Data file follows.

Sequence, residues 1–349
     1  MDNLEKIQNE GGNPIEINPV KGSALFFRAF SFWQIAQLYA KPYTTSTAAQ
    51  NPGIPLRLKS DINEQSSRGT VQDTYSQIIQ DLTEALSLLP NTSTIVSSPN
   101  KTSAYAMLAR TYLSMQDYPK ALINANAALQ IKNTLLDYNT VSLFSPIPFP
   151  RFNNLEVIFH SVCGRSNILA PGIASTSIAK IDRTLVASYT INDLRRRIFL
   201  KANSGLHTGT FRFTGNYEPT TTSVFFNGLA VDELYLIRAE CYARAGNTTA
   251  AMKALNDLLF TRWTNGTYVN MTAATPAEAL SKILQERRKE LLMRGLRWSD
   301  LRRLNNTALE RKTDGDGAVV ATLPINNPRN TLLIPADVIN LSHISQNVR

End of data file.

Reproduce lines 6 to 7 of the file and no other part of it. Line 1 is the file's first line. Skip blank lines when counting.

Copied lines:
   201  KANSGLHTGT FRFTGNYEPT TTSVFFNGLA VDELYLIRAE CYARAGNTTA
   251  AMKALNDLLF TRWTNGTYVN MTAATPAEAL SKILQERRKE LLMRGLRWSD